06/06/2016 12:38 BST | Updated 07/06/2017 06:12 BST

Does God Hate Sex?

Religion and sex, avocados and toast, Kanye and Kim... matches made in heaven (excuse the pun) right? In some ways of course, the words 'religion' and 'sex' are often seen together, bandied about with phrases like "steer clear", "not with them", "can't use that" and "after marriage" attached. Generally speaking however, the two tend to avoid each other like the plague. The divine doesn't seem to want to muddy its clear, holy waters with something so messy, normal

Until attending a talk by a new girl crush of mine, Professor Francesca Stavrakopoulou (Hebrew Bible scholar who fronted BBC2's series The Bible's Buried Secrets, also an atheist), I thought this had always been the case. After all, Catholic priests don't marry (with implications that sex and/or women is/are bad); St Paul hated the female sex and the Christian Union at school/Uni was hardly full of um, liberated types. Francesca tells a different story however and spills the beans on God's secret sex life. She argues that there is plenty of evidence in the Bible to show that God had sex. God had a wife, Asherah and a body to boot. It is, Francesca therefore argues, the more recent Christian and Judaic interpretations of the ancient text that have imposed a clinical, non-sexy reading onto the original Hebrew, ignoring accurate translations and inferences. She sets this in context by explaining that only Christianity, and religions of a similar period have a problem with sex. The ancient religions before them were a little more footloose and fancy-free when it came to the bedroom. Zeus, the king of ancient Greek gods, unashamedly had sex with a woman of the earth and out of their antics half human, half divine beings sprang forth. Francesca is clear that it would have been highly unusual at the time the Bible was written for there to have been a distinction between the Gods and us when it came to sex. We were at it and they were at it. So what changed for the divine to be seen as sexless and for such relative restriction to be passed down onto us?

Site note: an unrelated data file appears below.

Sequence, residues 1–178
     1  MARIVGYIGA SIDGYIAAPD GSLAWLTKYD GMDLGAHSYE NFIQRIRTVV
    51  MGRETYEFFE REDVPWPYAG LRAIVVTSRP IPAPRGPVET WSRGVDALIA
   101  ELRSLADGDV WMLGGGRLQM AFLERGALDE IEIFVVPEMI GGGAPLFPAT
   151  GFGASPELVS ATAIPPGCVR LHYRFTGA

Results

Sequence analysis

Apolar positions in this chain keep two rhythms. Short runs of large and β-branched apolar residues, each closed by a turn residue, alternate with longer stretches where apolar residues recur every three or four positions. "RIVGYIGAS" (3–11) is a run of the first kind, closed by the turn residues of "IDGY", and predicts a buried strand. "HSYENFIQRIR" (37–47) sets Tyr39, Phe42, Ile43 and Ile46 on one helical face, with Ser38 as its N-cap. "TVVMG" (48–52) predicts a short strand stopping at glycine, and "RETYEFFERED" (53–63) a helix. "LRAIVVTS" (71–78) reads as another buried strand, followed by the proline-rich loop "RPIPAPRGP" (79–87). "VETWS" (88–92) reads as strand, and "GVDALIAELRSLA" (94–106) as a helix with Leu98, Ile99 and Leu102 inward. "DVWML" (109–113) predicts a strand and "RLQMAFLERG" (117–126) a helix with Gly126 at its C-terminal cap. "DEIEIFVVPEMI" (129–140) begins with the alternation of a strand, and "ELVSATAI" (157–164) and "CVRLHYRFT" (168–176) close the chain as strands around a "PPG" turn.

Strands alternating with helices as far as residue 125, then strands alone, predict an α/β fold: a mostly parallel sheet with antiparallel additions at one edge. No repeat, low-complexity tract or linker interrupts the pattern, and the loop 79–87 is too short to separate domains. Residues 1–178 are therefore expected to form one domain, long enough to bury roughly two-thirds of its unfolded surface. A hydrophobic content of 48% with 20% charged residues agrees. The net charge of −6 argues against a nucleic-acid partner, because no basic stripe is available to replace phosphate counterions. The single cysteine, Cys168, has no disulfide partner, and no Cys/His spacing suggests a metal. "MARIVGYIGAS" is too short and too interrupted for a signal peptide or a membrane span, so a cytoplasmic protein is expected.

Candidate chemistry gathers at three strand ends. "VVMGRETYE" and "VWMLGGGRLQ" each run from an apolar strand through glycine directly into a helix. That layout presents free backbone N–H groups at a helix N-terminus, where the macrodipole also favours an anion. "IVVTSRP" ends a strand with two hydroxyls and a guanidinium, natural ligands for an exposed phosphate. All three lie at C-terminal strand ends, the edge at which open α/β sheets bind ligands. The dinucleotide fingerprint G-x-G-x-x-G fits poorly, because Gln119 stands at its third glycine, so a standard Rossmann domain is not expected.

In short it's due to a serious pair of culturally constructed goggles. The flagship message of "procreation rather than pleasure" has been consumed, digested and rooted in religious thought for rather a long time now, and old habits die-hard.

Crazy though, that two such normal and long running human activities are now so often at loggerheads with each other. Deepak Chopra (a bit of a big dog in the spiritual New Age movement), claims that spirituality and sex are interconnected and that sex is actually most people's only form of meditation (that is if you aren't one of the 6 million already using the Headspace app.) If you think about it, he's right - the universe and everything alive in and on it exist as a result of sexual energy. It's life giving, quite literally. Bizarre then for it to be knocked, controlled, boxed and prescribed by anyone. Though I must wrap up my crediting the wonderful vicar who conducted our wedding a year ago. Firstly, praise be that he avoided the "sexual union line" but most importantly kudos goes to him for the reminder that human sexuality should not be trivialized. In his eyes this was due to its ability to take us back to how we were supposed to be - free, naked and not giving a toss in the Garden of Eden. There certainly is magic in the idea that a part of life needs to - and must - remain carefree, bright and breezy. Maybe the Greeks and their pots had it right all along...